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 Post subject: Re: What months are you going to see Crotalus Horridus the m
PostPosted: October 19th, 2012, 12:33 pm 
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Brian Hubbs wrote:
Still workin' on that common sense angle, eh John...well keep workin' on it...


It will never happen. I'd get mugged in a heart beat if I were in a rough area.


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 Post subject: Re: What months are you going to see Crotalus Horridus the m
PostPosted: October 19th, 2012, 12:38 pm 
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John Vanek wrote:
Brian Hubbs wrote:
Why do we need bag-limits Gerry? Maybe we don't by your reasoning...we certainly don't for some species, but we have them anyway...in most states. Are those states just ignorant? I think some of them are, but I'm asking you...

I think that bag limits are useful for monitoring purposes. We know that some species have been wiped out or nearly wiped out by unregulated harvest (white-tailed deer and wild turkey come to mind). They are also useful to limit harvest to the personal level, as to not allow/ incentivize market harvesting.

John beat me to it, here. To add to what he had to say both more specifically and more generally, I'll say that mostly I don't think herp bag limits are needed, but herp management is certainly useful, and monitoring/controlling take is a useful part of management for harvested species.

Antonsrkn wrote:
Well now I'm confused, you and I are talking about 2 (or more) different topics...

You're right, Anton, on top of the fact that electronic communication is difficult at its best, our discussion is going in various directions all at once. To make matters worse, when I posted the message you're referring to I was reading and writing via my smartphone from a veterinarian's waiting room (we've a sick cat) and so didn't give it the time and attention it really deserved. Let me try to make amends now...

Antonsrkn wrote:
... I was addressing the quote below, where John states that there is no demand for timber rattlers. Based on the stories above there is atleast enough demand for people to go through a considerable amount of trouble to acquire/transport them...

Ok, but I think John wasn't really trying to claim that no one has ever wanted a timber rattler and poached to get it, he was simply writing in shorthand fashion to say that there is no meaningful - as in, to an extent that would actually affect a population - demand (it's more of that problem with communicating in this medium; and John, please correct me if I'm wrong about your intent). I responded by saying that just because poaching exists doesn't mean that it exists in great enough numbers to harm a population, as I understood you to be arguing with that point. After all, although none of us like poaching or want it to occur, what really matters is whether it causes any actual harm.

Antonsrkn wrote:
... Not once did I state or even imply that "poaching occurs in great enough numbers to harm a population", however now that you said it yes, yes it can. This guy Emanuele tesoro (former FHF member) was caught with 35 wild-caught Massasaugas which he was attempting to trade for timber rattlers (in new york!). Massasaugas are a threatened to endangered within much of their range and many populations are genetically isolated from others and taking 35 individuals out would be a very serious blow...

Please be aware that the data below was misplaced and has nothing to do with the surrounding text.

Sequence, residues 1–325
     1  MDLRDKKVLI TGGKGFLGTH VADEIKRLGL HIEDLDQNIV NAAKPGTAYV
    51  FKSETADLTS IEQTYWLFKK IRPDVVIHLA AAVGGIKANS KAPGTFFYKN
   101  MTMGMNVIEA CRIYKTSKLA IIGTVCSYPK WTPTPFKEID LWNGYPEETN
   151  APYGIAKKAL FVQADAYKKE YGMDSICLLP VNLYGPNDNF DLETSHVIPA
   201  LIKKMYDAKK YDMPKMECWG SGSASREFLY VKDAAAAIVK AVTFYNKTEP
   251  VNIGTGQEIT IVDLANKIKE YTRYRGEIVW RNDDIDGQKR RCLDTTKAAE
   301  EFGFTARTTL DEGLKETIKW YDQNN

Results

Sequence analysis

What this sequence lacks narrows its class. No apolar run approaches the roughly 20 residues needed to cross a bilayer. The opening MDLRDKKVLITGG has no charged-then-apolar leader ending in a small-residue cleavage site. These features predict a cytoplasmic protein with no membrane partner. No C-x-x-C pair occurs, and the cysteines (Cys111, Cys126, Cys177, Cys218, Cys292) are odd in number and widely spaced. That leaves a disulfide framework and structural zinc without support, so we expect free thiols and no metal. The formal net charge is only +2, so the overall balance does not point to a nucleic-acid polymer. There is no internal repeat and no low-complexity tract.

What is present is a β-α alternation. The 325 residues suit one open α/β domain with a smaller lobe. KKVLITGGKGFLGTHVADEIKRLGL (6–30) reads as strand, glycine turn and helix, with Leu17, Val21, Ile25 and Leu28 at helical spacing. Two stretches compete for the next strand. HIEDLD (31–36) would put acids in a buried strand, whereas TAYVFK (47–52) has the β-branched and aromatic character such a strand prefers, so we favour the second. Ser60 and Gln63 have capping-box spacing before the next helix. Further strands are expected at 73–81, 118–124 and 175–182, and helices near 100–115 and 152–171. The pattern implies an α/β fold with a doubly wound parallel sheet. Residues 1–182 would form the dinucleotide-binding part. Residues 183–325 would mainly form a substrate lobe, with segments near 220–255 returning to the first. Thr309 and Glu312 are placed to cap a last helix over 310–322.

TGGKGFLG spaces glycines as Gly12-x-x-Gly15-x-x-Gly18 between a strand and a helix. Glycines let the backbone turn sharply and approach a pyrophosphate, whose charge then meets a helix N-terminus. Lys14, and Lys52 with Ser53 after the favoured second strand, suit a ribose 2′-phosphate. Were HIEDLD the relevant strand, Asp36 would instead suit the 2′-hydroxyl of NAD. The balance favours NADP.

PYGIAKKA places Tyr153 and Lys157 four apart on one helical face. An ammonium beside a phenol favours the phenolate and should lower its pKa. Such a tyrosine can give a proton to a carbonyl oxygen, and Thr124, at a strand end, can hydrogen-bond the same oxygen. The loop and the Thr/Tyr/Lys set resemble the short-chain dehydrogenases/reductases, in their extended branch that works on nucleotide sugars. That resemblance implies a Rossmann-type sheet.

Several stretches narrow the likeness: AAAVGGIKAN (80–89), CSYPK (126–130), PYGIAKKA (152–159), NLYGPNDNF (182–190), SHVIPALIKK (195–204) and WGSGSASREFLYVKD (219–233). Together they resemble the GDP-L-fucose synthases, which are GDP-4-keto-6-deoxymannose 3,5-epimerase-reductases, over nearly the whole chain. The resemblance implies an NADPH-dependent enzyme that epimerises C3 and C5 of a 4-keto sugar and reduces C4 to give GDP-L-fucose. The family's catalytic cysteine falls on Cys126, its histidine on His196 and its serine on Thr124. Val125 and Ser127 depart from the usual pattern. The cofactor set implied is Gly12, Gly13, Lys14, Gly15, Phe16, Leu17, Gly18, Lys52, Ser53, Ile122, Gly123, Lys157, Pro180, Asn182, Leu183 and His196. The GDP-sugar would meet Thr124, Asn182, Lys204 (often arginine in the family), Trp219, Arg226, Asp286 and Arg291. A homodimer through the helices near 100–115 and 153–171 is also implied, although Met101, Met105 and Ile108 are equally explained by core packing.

I'm sure you're not going to be very happy with what I have to say here, but... Your example doesn't come close to proving the case to me. Thirty-five massasaugas certainly sounds like an unpleasantly large number, all right, but we'd have to do some actual number crunching for me to agree that it constitutes any real threat to the population(s) from which they were taken, let alone that it amounts to "a very serious blow." Mind you, I'm not saying this wasn't a harmful number in this case, but only that it's not yet evident to me that it was. In the early part of my career I spent quite a bit of time doing such number crunching, focusing particularly on small or very small population biology, and I understand that harvest numbers that sound frighteningly large can in reality have neglible or no effects on a population, depending on the specifics pertaining to that population. This really isn't something you can eyeball or intuit with much degree of accuracy given how much one situation can vary from another.

Too, and I raised this point as well somewhere up above, if a species/important population is truly in dire enough straits that the removal of a few or even a few dozen individuals can cause considerable harm, then it needs far more tangible protection than merely to have information about it kept out of internet forums. People who care should be rallying for that protection, not wasting their times policing online message boards.

Antonsrkn wrote:
... Also like I mentioned before, preceding his arrest this guy repeatedly asked where timbers were found or if someone would take him to their timber spot. So I feel its justified to say "poaching occurs because people post information on the internet."